Qawwali (Urdu/Persian: قوٌالی; Punjabi/Multani: ਖ਼ਵ੍ਵਾਲੀ, قوٌالی; Brajbhasha/Hindi: क़व्वाली) is a form of Sufi devotional music popular on the Indian subcontinent. It's a vibrant musical tradition that stretches back more than 700 years. Originally performed mainly at Sunni Sufi shrines throughout the subcontinent, it has also gained mainstream popularity.

Often listeners, and even artists themselves, are transported to a state of wajad, a trance-like state where they feel at one with God, generally considered to be the height of spiritual ecstasy in Sufism.

Qawwali music received international exposure through the work of the late Nusrat Fateh Ali Khan, largely due to several releases on the Real World label, followed by live appearances at WOMAD festivals. Although famous throughout the world, its economic and spiritual hub remains the Punjab province of Pakistan from where it gained entry into the mainstream commercial music industry and international fame.


The roots of Qawwali can be traced back to 8th century Persia (today's Iran and Afghanistan). During the first major migration from Persia, in the 11th century, the musical tradition of Sema migrated to the Indian subcontinent, Turkey and Uzbekistan. Amir Khusro Dehelvi of the Chisti order of Sufis is credited with fusing the Persian and Indian musical traditions to create Qawwali as we know it today in the late 13th century in India (Hindustani classical music is also attributed to him). The word "Sama" is often still used in Central Asia and Turkey to refer to forms very similar to Qawwali, and in India, Pakistan and Bangladesh, the formal name used for a session of Qawwali is "Mehfil-e-Sama".

Qaul (Arabic) is an "utterance (of the prophet)", Qawwāl is someone who often repeats (sings) a Qaul, Qawwāli is the style of singing of Qawwāls.

ong content

The songs which constitute the qawwali repertoire are mostly in Urdu and Punjabi (almost equally divided between the two), although there are several songs in Persian, Brajbhasha and Siraiki.cite web|url =| title =

Bollywood Reinvents the Qawwali – With a Vengeance|publisher = The Day After: An International Illustrated Newsmagazine of India|accessdate = 2007-02-23] cite web|url =| title = Delhi’s Qawwal Bachchon ka Gharana lights up Ramadan night at T2F|publisher = Daily Times: Leading News Resource of Pakistan|accessdate = 2007-02-23] There is also qawwali in some regional languages (e.g., Chhote Babu Qawwal sings in Bengali), but the regional language tradition is relatively obscure. Also, the sound of the regional language qawwali can be totally different from that of mainstream qawwali. This is certainly true of Chhote Babu Qawwal, whose sound is much closer to Baul music than to the qawwali of Nusrat Fateh Ali Khan, for example.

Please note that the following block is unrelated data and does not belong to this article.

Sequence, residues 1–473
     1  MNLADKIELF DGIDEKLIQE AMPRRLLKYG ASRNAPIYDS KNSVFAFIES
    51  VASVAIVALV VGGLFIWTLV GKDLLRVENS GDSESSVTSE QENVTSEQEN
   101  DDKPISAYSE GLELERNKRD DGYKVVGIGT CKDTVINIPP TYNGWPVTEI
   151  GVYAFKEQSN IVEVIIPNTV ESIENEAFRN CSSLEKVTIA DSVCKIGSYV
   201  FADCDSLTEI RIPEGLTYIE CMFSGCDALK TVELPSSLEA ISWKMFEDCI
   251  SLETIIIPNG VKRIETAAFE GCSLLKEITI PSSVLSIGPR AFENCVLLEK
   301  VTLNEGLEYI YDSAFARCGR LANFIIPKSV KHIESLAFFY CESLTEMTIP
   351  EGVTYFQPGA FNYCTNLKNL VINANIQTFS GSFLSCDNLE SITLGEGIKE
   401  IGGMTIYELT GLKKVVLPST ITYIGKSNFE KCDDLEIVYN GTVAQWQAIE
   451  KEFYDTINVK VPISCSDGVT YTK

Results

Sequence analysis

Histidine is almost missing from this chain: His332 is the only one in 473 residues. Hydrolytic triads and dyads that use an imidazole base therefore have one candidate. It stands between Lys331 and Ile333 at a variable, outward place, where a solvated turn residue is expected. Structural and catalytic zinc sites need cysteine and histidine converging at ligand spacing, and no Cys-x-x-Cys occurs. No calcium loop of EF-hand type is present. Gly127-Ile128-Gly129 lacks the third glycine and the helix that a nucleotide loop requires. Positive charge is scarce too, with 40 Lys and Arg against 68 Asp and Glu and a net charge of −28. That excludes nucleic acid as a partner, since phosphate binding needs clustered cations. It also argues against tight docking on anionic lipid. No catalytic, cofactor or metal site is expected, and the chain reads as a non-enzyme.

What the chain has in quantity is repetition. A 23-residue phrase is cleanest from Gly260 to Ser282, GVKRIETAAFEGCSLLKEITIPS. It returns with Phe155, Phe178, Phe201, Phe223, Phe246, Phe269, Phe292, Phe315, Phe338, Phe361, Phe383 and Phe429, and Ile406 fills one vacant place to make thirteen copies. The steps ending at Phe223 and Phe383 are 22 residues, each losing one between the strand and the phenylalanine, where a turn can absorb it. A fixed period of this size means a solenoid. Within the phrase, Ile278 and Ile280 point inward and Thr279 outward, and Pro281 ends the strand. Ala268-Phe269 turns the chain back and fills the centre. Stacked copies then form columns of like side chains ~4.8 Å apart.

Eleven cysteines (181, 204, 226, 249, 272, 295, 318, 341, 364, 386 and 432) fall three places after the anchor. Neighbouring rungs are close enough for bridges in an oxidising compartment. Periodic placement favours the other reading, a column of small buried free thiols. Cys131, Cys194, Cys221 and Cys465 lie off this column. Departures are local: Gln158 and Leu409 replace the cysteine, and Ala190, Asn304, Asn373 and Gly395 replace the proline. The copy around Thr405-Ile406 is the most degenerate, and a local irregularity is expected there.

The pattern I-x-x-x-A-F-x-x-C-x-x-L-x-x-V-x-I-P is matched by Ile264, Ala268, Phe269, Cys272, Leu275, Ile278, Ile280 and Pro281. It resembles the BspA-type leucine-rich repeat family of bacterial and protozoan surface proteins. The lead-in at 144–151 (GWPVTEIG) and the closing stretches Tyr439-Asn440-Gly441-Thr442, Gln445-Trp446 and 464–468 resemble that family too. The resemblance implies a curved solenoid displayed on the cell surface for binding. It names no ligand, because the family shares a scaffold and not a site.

The poetry is implicitly understood to be spiritual in its meaning, even though the lyrics can sometimes sound wildly secular, or outright hedonistic. The central themes of qawwali are love, devotion and longing (of man for the Divine).

Qawwalis are classified by their content into several categories:
* A hamd is a song in praise of Allah. Traditionally, a qawwali performance starts with a hamd.
* A naat is a song in praise of the Prophet Muhammad. The opening hamd is traditionally followed by a naat.
* A manqabat is a song in praise of either Imam Ali or one of the Sufi saints. Interestingly, manqabats in praise of Ali are sung at both Sunni and Shi'a gatherings. If one is sung, it will follow right after the naat. There is usually at least one manqabat in a traditional programme.
* A marsiya is a lamentation over the death of much of Imam Husayn's family in the Battle of Karbala. Once again, this would typically be sung only at a Shi'a concert.